Archive for the ‘Brand Marketing’ Category

Definition of a Brand

December 13, 2008

Charles M. Berger former brand marketer for H. J. Heinz Co. and CEO of Scotts Miracle-Gro Co. passed away a week ago today.

Mr. Berger developed the messaging which differentiated Heinz ketchup from its competition by positioning Heinz ketchup as “thick and rich” which in turn was brilliantly used to imply Heinz ketchup’s competitors were not.

Mr. Berger’s communications strategy proved to be a profoundly effective brand marketing tactic: Identify what your customers really want and receive from using your brand, then memorialize both its strengths and the competition’s weaknesses in the same few words.

Like all successes – after the fact – it usually looks and sounds easier to do than it actually was. I am sure Berger spent years perfecting the Heinz ketchup brand message.

Ultimately Heinz ketchup television commercials  featured an OK Corral style ketchup duel where Heinz proclaimed it was the slowest ketchup in the west…east, north and south” – effective imagery which conveyed the strengths of his brand while simultaneously contrasting them with his competitors weaknesses.

Simply brilliant.

According to Heinz Chairman and CEO William R. Johnson, Berger’s marketing prowess “enabled Heinz to break out of a tie and gain permanent leadership in ketchup.”

In a 2001 interview with Design Management Journal, Berger gave his definition of a brand:

“A real brand owns a very tiny but important piece of real estate in a consumer’s mind.”

“Heinz ketchup actually looks and tastes the way it did in 1890. In most cases, although you have to keep changing the product, the brand should be immortal.”

Although Mr. Berger is no longer with us  – and provided his successors at Heinz don’t try to rethink or rework his success – Berger’s work on behalf of the Heinz ketchup brand ought to remain as close to as immortal as any brand message has yet become.


GoogleTestAd Testing What?

December 3, 2008

I was surprised to learn today searches for googletestad continue to rank high in Wordtracker’s top 200 long-term keyword report.

GoogleTestAd ranks #119 in Wordtracker’s long-term keyword list.

About Wordtracker’s top 200 long-term keyword report:

“Our current database contains 290,313,559 search terms and represents the complete queries from the largest metacrawlers on the web (Metacrawler/Dogpile etc.) for the last 150 days.”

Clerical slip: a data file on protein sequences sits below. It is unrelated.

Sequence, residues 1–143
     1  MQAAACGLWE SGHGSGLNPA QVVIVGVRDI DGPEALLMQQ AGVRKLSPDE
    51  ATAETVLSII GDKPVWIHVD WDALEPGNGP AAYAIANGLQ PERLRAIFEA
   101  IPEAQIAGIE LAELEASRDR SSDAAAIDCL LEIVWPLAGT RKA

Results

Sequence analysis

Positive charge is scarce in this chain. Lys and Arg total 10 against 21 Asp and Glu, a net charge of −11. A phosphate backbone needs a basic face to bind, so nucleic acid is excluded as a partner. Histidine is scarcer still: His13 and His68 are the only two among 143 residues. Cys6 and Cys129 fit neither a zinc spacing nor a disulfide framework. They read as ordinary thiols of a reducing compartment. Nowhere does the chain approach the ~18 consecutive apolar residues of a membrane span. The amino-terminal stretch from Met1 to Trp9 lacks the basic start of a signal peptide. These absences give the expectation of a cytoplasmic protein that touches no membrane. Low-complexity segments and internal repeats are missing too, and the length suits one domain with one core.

What is the “GoogleTestTad”?

A search in Google for “googletestad” doesn’t produce a explanation page but does produce the following Google Adwords sponsored links result :

GoogleTest Ad

GoogleTest Ad

However, a search for “Google Test Ad” in Google produces a suggested spelling correction from Google – “Did you mean: google text ad.”

Google Test Ad

Google Test Ad

Not to digress – but  I wonder why Google asks the question – “Did you mean:” but doesn’t punctuate their question with a question mark?

Anyway and as far as I can tell – the GoogleTestAd has always had the same ad text:

Headline = Congratulations

Description 1 = This is a family safe ad

Description 2 = All systems are go!

Display URL =

Interestingly, clicking on the ad for googletestad takes me back to Google’s home page.

Google Home Page

Google Home Page

Although Google continues testing and bidding on searches for googletestad, I am not sure whether its score is being kept or who is keeping it.

If the Google Ad for googletestad were like all others wouldn’t it too have a Quality Score?

To place ads in its behalf wouldn’t Google have to have an in-house Adwords team marketing Google’s products?

Otherwise, who is managing and bidding on keywords in their behalf?

If there is an in house advertising team – How many people are in Google’s advertising group?

How many products do they market, how many keywords do they manage and how much do they spend annually promoting Google products?

Wouldn’t Google’s buying their own ads also constitute brand management?

Does Google have a “brand manager”?

If so, who is Google’s brand manager?